The U.S. Department of Agriculture’s Risk Management Agency recently announced its expansion of double crop insurance opportunities for soybeans in at least 681 counties nationwide, a move that the Ohio Soybean Association (OSA) supports. The new expansion covers virtually all Ohio counties, allowing farmers in the Buckeye State to reduce the economic risk associated with growing two crops on the same land in the same year. OSA met with representatives from RMA in June to discuss the impact an expansion like this could have on farmers. 

“We are thankful that the Biden Administration has followed through on a promise it made to expand double crop insurance coverage back in May,” said Patrick Knouff, OSA president and soybean farmer in Shelby County. “Now, even more Ohio farmers can implement double cropping while mitigating significant financial risk. This has been an OSA priority for several years, and our board pushed for such an expansion to be included in national policy priorities.”… Continue reading

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Soybean progress and flowering growth stages

By Laura Lindsey, OSU Extension Soybean and Small Grains Specialist, Adapted from C.O.R.N. 2022-21

Currently, most soybean fields in Ohio are at the flowering growth stage (R1-R2). (Some late-planted or re-planted soybean may still be at a vegetative stage.) Even as soybean plants begin to flower, they may only have 3-5 trifoliolates due to late planting and wet weather followed by dry conditions. However, even if plants have flowers and only a few trifoliolates, the plant will continue to add leaf area up to the R5 growth stage, which comes 4-6 weeks later. As long as the canopy is complete by the beginning of seed filling, the plant has the potential to reach full yield potential.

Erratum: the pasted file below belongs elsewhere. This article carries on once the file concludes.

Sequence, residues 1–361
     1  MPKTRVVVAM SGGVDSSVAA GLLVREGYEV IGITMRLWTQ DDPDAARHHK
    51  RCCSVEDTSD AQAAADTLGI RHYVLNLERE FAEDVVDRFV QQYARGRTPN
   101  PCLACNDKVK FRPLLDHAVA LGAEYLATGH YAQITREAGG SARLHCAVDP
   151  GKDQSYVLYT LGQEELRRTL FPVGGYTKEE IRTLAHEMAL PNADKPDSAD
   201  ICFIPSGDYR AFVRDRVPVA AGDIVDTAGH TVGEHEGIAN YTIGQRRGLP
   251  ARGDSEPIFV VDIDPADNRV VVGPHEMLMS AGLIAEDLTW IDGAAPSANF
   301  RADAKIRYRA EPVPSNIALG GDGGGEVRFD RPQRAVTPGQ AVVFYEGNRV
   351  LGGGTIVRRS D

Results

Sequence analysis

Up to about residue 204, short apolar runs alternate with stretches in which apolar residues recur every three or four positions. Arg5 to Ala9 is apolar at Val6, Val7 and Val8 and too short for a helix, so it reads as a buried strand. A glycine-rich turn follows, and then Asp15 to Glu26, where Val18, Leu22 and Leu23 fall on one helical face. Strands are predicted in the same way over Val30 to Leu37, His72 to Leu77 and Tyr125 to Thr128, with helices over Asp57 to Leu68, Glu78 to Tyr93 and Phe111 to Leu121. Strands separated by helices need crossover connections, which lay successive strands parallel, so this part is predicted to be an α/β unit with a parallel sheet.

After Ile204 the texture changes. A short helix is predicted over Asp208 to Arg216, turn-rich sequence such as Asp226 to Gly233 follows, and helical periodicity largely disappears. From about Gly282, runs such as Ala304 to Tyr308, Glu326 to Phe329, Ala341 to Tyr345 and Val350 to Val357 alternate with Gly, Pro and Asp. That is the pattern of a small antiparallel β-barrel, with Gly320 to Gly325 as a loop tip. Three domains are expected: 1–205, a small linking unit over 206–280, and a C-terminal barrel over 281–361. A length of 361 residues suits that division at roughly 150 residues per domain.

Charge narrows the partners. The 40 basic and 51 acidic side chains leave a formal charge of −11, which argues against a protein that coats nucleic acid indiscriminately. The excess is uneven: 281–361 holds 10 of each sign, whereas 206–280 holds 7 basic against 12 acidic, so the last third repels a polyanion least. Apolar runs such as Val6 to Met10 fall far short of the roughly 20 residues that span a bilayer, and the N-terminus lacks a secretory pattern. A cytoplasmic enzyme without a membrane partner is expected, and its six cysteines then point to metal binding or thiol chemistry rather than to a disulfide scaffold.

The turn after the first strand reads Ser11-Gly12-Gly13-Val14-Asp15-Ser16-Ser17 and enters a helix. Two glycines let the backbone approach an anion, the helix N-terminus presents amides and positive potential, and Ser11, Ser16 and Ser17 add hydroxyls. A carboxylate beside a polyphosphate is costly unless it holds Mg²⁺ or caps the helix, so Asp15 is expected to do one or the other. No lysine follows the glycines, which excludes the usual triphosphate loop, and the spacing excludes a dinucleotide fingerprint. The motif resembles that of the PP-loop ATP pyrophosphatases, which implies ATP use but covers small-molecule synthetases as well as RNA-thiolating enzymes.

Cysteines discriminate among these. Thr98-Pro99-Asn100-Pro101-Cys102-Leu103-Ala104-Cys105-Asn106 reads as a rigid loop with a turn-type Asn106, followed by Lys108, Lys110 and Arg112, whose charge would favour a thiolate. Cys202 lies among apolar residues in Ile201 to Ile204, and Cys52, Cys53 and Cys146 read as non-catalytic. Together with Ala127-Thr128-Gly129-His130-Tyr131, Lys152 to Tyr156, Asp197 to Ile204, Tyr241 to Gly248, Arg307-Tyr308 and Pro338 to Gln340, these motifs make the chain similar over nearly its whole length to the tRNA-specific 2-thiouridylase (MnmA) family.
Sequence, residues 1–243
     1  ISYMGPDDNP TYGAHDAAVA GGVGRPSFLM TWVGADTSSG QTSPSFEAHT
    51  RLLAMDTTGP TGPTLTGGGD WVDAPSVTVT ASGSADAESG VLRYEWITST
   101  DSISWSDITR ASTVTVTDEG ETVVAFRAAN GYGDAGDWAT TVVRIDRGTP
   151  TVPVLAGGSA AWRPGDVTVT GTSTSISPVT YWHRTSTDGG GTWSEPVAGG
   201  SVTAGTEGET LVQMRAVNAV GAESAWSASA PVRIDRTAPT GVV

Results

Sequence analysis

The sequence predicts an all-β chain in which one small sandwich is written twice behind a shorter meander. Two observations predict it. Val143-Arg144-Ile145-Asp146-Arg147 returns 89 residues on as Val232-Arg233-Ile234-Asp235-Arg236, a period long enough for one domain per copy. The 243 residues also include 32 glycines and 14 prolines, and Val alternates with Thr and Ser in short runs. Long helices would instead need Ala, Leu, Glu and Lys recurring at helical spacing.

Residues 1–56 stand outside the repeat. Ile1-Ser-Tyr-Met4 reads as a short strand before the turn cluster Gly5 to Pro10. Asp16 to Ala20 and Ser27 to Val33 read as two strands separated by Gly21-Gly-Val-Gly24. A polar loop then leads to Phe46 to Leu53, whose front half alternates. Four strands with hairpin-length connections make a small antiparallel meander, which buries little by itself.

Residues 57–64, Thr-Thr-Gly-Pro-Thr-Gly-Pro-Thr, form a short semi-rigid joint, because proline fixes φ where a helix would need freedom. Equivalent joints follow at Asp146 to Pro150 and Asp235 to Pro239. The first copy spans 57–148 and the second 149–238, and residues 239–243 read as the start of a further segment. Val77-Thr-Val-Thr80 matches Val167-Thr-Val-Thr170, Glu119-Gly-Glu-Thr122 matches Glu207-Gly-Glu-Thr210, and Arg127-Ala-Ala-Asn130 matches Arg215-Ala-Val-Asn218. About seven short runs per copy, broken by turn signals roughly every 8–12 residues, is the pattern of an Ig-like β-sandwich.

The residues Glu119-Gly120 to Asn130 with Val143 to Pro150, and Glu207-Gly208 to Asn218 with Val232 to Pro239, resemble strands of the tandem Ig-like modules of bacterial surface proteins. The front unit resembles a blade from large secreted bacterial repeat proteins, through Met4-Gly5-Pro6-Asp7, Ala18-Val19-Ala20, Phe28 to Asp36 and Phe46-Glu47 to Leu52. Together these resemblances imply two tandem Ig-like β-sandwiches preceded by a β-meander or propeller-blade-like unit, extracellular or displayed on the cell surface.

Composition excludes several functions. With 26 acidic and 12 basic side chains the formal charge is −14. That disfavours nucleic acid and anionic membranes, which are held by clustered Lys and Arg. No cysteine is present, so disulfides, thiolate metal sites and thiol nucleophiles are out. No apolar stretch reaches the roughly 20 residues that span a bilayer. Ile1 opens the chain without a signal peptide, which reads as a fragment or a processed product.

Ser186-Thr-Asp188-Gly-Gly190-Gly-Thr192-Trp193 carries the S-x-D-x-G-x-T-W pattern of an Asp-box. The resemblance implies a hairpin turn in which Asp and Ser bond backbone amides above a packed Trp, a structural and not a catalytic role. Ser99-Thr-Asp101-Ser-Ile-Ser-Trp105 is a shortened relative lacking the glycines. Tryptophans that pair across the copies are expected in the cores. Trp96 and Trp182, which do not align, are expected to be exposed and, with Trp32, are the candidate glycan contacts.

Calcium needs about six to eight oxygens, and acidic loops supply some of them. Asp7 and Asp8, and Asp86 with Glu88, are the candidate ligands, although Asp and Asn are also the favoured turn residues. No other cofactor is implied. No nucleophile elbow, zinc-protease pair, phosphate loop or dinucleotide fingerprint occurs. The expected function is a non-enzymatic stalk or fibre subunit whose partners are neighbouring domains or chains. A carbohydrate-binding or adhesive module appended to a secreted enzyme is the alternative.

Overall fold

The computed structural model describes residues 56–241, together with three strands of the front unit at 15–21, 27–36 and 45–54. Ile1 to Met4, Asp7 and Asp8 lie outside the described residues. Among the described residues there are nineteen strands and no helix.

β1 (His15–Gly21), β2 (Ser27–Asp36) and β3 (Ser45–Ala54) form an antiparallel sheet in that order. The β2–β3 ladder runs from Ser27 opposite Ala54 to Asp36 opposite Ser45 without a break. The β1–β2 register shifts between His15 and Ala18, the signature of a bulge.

R1 Flowering Soybean

What does the soybean crop need to maximize yield during the flowering growth stage? While adequate soybean flowers are needed for subsequent reproductive development, soybeans are amazingly resilient to stress during flowering due to their ability to continue to develop flowers over several weeks.… Continue reading

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Do I have resistant weeds?

By Greg LaBarge, CCA, Ohio State University Extension agronomist

There are a few questions you can work through to understand why weeds that should have been controlled with your herbicide package are still growing. The list of questions is from the Take Action Pesticide Resistance Management website (iwilltakeaction.com).

First, rule out factors that affect herbicide performance. 

  1. Misapplication

• Wrong rate, nozzle, or volume 

• Antagonism with tank-mix products

• pH of spray solution

• Boom height

• Calibration

  • Unfavorable weather conditions.
  • Weed factors

• Size

• Stressed plants

• Weed flushes that emerge after herbicide application.

  • Soil conditions that lower residual herbicide performance.

Resistance is likely if you answer yes to one or more of the questions.

  • Are other weeds listed on the product label satisfactorily controlled? Chances are, only one weed species will show herbicide resistance in any given field situation. However, if several normally susceptible weed species are present, go back to the list of factors affecting herbicide performance.
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Application of manure to double-crop soybeans to encourage emergence

By Glen Arnold, OSU Extension Field Specialist, Manure Nutrient Management, Adapted from C.O.R.N. 2022-21

Wheat harvest is mostly done in the state and some farmers are planting double-crop soybeans. The summer manure application window following wheat harvest is typically the 2nd largest application window each year. In recent years there has been more interest from livestock producers in applying manure to newly planted soybeans to provide moisture to help get the crop to emerge.

Double Crop Soybeans

Both swine and dairy manure can be used to add moisture to newly planted soybean fields. It’s important that the soybeans were properly covered with soil when planted to keep a barrier between the salt and nitrogen in the manure and the germinating soybean seed. It is also important that livestock producers know their soil phosphorus levels, and the phosphorus in the manure being applied, so soil phosphorus levels are kept in an acceptable range.… Continue reading